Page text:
Aldermen crack down on online bottled water sales, even as virus-driven shopping sprees continue

Ald. Chris Taliaferro questioned the timing: “Folks are now buying a lot of water” because of COVID-19, he said, and that means it “looks bad when we’re increasing taxes on bottled water being shipped in.”

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Bottle water for sale in a store.

Some people have been stocking up on bottled water, as they prepare for possible quarantines due to the coronavirus outbreak.

AP file

Consumers are stocking up on bottled water — along with toilet paper, hand sanitizer and canned goods — amid fears they might be quarantined after contracting the coronavirus or that shipments may somehow be cut off.

Many of those bottled water purchases are being made online, allowing Chicago consumers to dodge the city’s five-cents a bottle tax.

On Thursday, the City Council’s Finance Committee agreed to close that legal loophole along with the one that has allowed online liquor buyers to dodge the city’s sliding scale of liquor taxes.

City Comptroller Reshma Soni told aldermen the “online market has surged considerably for purchasing” water and booze and it’s only fair the city “tax online shipments coming into Chicago to make sure we are at a level playing field with all of the local businesses who do pay those taxes.”

Ald. Chris Taliaferro (29th) questioned the timing of the crackdown.

“Folks are now buying a lot of water and a lot of supplies because of what this country and other countries are experiencing with COVID-19. Are you concerned about the optics of the city raising taxes or charging additional taxes during this time period?” Taliaferro said.

“I can certainly understand alcohol. But I think the optics … looks bad when we’re increasing taxes on bottled water being shipped in.”

Soni countered that it was “not a tax increase.” It’s a “clarification.”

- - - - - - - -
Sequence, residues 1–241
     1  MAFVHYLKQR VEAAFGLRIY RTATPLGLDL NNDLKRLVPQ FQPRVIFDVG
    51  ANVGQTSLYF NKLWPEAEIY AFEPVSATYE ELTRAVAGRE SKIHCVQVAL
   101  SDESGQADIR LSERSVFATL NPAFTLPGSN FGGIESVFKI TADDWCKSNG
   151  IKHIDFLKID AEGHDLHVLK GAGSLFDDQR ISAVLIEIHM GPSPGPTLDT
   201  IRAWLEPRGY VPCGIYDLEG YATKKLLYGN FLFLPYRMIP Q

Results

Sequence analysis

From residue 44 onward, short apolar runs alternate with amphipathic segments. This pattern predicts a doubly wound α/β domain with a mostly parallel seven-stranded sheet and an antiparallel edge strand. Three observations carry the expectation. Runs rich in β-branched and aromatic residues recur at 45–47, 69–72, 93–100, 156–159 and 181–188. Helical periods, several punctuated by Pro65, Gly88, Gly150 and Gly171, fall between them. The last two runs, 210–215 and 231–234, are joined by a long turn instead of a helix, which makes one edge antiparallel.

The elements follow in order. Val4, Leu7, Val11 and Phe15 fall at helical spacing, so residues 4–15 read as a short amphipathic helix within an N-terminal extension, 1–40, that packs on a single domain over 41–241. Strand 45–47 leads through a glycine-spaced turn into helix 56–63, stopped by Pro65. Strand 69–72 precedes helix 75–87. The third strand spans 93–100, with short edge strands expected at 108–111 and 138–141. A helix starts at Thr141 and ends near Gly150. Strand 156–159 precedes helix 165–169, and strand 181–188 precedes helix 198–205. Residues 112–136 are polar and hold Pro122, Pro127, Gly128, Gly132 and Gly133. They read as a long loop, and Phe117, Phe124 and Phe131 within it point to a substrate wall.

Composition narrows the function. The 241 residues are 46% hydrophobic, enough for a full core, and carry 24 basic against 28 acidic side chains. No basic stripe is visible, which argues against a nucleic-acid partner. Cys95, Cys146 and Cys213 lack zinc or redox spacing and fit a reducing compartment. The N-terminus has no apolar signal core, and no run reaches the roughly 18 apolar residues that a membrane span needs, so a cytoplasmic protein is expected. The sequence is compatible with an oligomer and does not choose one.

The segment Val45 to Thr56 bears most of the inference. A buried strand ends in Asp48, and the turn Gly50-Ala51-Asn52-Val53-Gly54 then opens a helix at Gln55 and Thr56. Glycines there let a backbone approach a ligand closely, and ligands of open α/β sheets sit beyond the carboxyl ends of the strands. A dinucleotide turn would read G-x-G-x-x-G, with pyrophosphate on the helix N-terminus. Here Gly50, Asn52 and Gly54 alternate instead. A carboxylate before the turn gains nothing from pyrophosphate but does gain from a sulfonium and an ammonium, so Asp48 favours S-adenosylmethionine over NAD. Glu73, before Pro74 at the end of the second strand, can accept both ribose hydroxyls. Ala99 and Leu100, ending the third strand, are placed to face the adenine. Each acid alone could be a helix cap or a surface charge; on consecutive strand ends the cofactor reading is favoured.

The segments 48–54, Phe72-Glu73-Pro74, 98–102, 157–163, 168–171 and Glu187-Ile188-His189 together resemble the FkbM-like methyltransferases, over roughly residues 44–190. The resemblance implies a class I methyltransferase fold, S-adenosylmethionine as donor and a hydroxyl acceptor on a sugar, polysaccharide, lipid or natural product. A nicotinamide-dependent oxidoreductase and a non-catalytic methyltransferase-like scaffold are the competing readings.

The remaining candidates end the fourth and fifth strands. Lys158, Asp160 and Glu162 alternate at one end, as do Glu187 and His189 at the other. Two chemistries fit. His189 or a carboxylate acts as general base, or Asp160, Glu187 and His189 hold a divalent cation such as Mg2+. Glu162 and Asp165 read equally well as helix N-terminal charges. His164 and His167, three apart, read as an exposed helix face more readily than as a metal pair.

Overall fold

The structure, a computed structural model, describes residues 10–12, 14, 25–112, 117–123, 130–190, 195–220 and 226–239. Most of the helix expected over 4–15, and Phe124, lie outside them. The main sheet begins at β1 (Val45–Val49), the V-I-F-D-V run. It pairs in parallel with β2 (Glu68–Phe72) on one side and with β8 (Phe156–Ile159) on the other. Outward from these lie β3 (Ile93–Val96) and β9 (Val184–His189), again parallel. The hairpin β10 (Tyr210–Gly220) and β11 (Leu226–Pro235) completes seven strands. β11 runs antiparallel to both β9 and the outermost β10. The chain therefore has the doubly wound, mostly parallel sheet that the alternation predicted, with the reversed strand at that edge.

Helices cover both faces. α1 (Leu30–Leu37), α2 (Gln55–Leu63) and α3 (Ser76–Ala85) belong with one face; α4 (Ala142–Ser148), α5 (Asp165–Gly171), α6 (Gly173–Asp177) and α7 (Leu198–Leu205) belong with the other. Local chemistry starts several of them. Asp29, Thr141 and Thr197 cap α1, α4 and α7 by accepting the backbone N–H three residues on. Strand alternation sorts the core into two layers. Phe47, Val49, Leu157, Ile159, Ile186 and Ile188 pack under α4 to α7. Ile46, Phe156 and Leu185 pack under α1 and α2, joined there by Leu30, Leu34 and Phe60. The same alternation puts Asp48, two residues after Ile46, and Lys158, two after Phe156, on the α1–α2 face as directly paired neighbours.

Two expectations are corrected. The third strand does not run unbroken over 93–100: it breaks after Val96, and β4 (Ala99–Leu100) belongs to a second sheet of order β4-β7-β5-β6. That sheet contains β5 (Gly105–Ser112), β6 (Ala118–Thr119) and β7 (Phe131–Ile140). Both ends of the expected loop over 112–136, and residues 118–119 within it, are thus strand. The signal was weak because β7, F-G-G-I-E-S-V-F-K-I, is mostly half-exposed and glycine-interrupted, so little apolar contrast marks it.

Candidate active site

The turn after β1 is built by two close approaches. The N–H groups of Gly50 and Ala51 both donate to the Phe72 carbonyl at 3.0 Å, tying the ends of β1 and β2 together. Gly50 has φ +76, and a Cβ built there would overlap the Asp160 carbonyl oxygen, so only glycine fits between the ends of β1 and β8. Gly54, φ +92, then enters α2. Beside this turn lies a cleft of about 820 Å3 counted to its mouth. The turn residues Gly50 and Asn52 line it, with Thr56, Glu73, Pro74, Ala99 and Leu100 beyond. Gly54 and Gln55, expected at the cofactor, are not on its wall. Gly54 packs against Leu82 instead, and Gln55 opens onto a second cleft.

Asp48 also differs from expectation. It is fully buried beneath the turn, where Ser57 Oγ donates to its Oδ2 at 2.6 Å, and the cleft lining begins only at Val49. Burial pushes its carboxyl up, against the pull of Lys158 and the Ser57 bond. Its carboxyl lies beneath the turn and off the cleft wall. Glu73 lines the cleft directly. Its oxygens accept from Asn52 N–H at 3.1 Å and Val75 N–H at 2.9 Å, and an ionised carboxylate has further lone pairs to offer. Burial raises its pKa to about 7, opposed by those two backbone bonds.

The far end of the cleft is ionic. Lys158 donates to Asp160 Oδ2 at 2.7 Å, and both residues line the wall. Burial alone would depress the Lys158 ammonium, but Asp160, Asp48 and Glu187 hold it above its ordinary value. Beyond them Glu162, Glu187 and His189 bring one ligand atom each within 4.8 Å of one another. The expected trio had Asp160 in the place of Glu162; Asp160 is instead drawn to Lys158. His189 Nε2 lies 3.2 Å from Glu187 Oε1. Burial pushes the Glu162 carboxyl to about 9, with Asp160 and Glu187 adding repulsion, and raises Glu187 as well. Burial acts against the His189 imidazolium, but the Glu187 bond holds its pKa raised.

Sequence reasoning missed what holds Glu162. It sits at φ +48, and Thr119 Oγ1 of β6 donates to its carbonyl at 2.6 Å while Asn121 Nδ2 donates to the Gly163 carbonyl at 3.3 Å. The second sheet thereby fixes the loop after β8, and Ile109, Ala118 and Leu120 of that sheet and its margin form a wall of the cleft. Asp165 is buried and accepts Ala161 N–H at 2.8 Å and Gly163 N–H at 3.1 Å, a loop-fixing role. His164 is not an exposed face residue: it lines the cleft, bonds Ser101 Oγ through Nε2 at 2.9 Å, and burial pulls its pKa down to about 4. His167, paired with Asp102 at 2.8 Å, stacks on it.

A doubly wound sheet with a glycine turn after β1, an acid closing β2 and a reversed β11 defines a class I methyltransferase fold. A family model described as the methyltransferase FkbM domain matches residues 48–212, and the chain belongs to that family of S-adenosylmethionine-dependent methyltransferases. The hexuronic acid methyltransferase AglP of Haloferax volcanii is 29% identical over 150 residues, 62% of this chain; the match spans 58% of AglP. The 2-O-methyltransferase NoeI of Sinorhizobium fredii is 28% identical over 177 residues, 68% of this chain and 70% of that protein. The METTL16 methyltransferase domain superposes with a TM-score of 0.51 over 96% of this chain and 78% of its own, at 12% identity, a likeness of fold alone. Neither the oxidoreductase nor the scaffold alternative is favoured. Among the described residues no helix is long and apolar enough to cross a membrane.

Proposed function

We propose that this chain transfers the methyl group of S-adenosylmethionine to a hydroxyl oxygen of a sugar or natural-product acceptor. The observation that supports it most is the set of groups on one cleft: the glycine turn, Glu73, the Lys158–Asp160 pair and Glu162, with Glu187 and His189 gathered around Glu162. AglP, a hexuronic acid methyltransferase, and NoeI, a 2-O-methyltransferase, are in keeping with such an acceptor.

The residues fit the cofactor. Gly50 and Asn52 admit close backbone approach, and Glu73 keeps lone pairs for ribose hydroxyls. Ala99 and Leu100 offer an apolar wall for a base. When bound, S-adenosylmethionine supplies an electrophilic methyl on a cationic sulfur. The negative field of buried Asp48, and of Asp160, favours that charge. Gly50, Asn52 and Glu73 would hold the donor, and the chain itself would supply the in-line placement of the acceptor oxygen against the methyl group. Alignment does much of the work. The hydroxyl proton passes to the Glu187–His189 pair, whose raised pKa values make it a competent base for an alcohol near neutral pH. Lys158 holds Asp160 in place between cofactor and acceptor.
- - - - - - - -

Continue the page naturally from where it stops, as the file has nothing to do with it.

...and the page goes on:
“The five-cents-a-bottle that we’re charging right now — local businesses are paying for it. But, if you purchase … online from a Costco … or an Amazon and they’re shipping, those companies sometimes do actually pay the tax or enforce it and some don’t. This clarification is to make sure that, across the board, we are collecting the tax so it’s fair to businesses within Chicago.”

Other taxes, fees

The bottled water change wasn’t the only mayoral crackdown approved by the Finance Committee.

Aldermen also agreed to impose the city’s 9% amusement tax on tour boats, require inter-track betting houses to pay a $1-per-person fee and get tougher on drivers who park or stand in, or otherwise encroach on, bus and bike lanes.

Currently, those tickets can be issued only if the vehicle is parked in a bus lane or bike lane. If someone drives off to avoid the ticket even as a citation is being written, the police officer or parking enforcement aide is out of luck.

The mayor’s plan would close that loophole by allowing parking enforcement aides to take a picture of the vehicle and send the violation and photographic evidence in the mail within 30 days and no later than 90 days after the secretary of state notifies the city of the identity of the owner and no later than 210 days later if the vehicle is leased.

Soni said she hasn’t calculated the anticipated increase in revenue.

“It’s more about congestion relief. We’re not looking to start ticketing people,” she said.

Bridgeport theater TIF OK’d

The long-vacant Ramova Theater, 3518 S. Halsted St.

A developer plans to turn this long-vacant Bridgeport theater into a live-music venue.

Sun-Times file

In a boon to the Bridgeport neighborhood that is the ancestral home of the Daley family, the Finance Committee authorized a $6.44 million tax-increment-financing subsidy to pave the way for the long-vacant Ramova Theater, 3518 S. Halsted St., to be converted into a live music venue.

“This will be a great catalyst for this part of the community on Halsted Street,” said Ald. Patrick Daley Thompson (11th ), the nephew and grandson of Chicago’s two longest-serving mayors.

“We had almost 400 people come out. Never had a community meeting where it was unanimous in terms of support. It was terrific. The parking lot across the street — my neighbors who own that were planning to develop it. But when they saw this project and the impact it’s gonna have on the community, they agreed to sell their property” to the developer.

Also during the action-packed meeting, aldermen approved a series of appointments to jump-start the moribund Catalyst Fund and signed off on a $500,00 settlement to compensate the family of a 21-year-old man who died of a drug overdose in police custody after being denied prompt emergency medical care while being questioned about a 2017 robbery.

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